Tired of reading about intensely cold temperatures? Here's some news that might help take your mind off this week's deep freeze. It could even give you an excuse to hang around outside Thursday.
An intense solar flare is being blamed for disrupting a NASA mission and could force airlines to reroute some flights. That's the bad news. The good news is that the flare is also expected to expand the viewing field of the aurora borealis southward, perhaps down to Colorado and Illinois.
Update at 3:15 p.m. ET, Thursday: Ejection Has Arrived
The coronal mass ejection was observed "just upstream of Earth" at 2:32 p.m. ET, according to an update from NASA this afternoon. The agency says it's too early to tell how the CME's magnetic structure might affect the planet.
But NASA's Space Weather Prediction Center also notes, "Aurora watchers may be in luck for tonight. The ongoing Solar Radiation Storm, currently at S2 (Moderate) levels, is seeing a modest enhancement with this shock passage."
The agency says to expect S3 (strong) geomagnetic storm activity on Jan. 9 and 10.
If you'd like to hear what all that radiation sounds like, you can tune in to a streaming Internet radio station that uses data from a lunar orbiter to interpret space weather into music (of a sort).
Update at 1:45 p.m. ET, Thursday: CME's Arrival 'Overdue'
It seems the mass of charged particles and magnetic field hurtling toward Earth is not in as big a hurry as NASA first thought. As Scott wrote earlier today, the space agency had this to say in its latest update:
"The CME, originally expected to arrive around 0800 UTC (3:00 a.m. EST) today, January 9, is now slightly overdue. However, pre-arrival signatures from EPAM data on the ACE spacecraft still show this transient en route."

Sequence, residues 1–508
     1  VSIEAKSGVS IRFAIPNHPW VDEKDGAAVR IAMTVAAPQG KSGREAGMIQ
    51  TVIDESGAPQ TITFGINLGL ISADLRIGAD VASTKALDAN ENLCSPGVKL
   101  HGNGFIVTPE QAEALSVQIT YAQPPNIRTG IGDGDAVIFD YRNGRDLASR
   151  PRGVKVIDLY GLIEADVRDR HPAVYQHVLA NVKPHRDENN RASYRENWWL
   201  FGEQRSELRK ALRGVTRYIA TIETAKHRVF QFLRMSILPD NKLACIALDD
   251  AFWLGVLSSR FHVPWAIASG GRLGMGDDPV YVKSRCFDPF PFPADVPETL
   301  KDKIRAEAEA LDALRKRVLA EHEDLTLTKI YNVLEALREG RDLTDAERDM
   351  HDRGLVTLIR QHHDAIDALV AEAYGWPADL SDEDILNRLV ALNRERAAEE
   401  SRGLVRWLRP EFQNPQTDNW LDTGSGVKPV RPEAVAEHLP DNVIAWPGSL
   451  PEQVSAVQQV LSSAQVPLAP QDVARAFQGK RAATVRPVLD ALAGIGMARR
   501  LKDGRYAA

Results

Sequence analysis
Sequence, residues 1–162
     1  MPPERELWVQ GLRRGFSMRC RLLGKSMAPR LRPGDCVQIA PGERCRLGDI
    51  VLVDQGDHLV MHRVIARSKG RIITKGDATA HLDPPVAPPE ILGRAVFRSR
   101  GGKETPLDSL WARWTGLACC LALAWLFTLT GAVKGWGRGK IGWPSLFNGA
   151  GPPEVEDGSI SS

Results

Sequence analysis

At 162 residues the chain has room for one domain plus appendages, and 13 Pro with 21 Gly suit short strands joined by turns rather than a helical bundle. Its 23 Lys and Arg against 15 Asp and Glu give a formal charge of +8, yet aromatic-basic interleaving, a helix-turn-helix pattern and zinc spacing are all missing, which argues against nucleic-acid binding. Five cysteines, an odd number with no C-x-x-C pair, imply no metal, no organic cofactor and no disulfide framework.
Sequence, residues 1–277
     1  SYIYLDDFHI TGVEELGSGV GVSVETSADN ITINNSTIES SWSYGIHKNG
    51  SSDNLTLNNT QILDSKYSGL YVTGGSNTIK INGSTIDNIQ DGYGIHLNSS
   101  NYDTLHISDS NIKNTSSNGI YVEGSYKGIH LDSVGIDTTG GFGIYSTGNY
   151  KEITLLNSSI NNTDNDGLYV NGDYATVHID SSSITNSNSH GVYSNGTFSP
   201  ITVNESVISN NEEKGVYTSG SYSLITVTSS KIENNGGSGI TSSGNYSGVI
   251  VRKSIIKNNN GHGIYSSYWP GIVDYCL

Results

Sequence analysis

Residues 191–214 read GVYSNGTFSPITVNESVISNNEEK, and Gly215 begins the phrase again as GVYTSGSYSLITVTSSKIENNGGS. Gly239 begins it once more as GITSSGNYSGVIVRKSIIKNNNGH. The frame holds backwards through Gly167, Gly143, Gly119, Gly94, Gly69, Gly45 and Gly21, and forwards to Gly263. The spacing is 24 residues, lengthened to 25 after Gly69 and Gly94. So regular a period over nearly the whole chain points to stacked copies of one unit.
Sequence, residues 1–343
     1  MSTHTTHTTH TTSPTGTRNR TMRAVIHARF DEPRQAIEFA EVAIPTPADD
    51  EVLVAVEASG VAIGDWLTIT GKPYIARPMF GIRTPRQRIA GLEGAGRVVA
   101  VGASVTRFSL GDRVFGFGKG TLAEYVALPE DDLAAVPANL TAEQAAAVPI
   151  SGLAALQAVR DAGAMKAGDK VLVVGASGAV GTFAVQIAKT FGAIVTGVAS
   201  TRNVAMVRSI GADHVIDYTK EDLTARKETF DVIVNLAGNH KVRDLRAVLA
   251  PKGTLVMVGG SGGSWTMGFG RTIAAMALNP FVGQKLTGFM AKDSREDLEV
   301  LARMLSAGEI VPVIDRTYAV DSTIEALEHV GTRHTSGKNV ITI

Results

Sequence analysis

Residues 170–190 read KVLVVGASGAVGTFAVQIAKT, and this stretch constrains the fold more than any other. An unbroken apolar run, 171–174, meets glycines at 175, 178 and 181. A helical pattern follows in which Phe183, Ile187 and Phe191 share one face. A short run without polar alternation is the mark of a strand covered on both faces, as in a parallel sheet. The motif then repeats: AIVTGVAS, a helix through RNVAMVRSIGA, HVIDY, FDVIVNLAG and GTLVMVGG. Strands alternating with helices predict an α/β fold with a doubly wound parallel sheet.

CME, you'll recall, stands for coronal mass ejection, the term for the massive emission that accompanied an intense solar flare earlier this week. We choose not to interpret NASA's calling the CME "transient" as a case of the agency being judgy.
Our original post continues:
"Federal space weather forecaster Joe Kunches said the sun shot out a strong solar flare late Tuesday, which should arrive at Earth early Thursday. It should shake up Earth's magnetic field and expand the aurora borealis south, possibly as far south as Colorado and central Illinois. He said best viewing would probably be Thursday evening, weather permitting."
As solar flares go, "X" denotes the strongest class. The one speeding toward Earth has been classified at the lower end of the spectrum, as an X1.2 flare. Still, the U.S. Space Weather Prediction Center says it's moving at a "fairly fast" rate and will arrive very early Thursday morning.
"Full evaluation and modeling of this event has refined the forecast and indicates a fairly direct interaction with Earth," the center adds.
As for what that interaction might look like, NASA tells us that we humans aren't directly at risk. But massive solar flares have been linked to disruptions in GPS and radio signals here on Earth.
"Economies around the world have become increasingly vulnerable to the ever-changing nature of the sun," the National Oceanic and Atmospheric Administration tells us. "Solar flares can disrupt power grids, interfere with high-frequency airline and military communications, disrupt Global Positioning System (GPS) signals, interrupt civilian communications, and blanket the Earth's upper atmosphere with hazardous radiation."
Shedding light (sorry) on how that works, NASA says that Tuesday's flare "was also associated with a coronal mass ejection, or CME, another solar phenomenon that can send billions of tons of particles into space that can reach Earth one to three days later. These particles cannot travel through the atmosphere to harm humans on Earth, but they can affect electronic systems in satellites and on the ground."
And they travel quickly. Last year, NASA calculated that two CMEs were hurtling toward Earth at well over 1,000 miles a second.
If you're in an area that might get a good glimpse of the Northern Lights, you may want to check out the Space Weather Center's Aurora Forecast, which maps the "probability of visible aurora," or the University of Alaska's similar forecast, which has different maps that could help you pinpoint your area.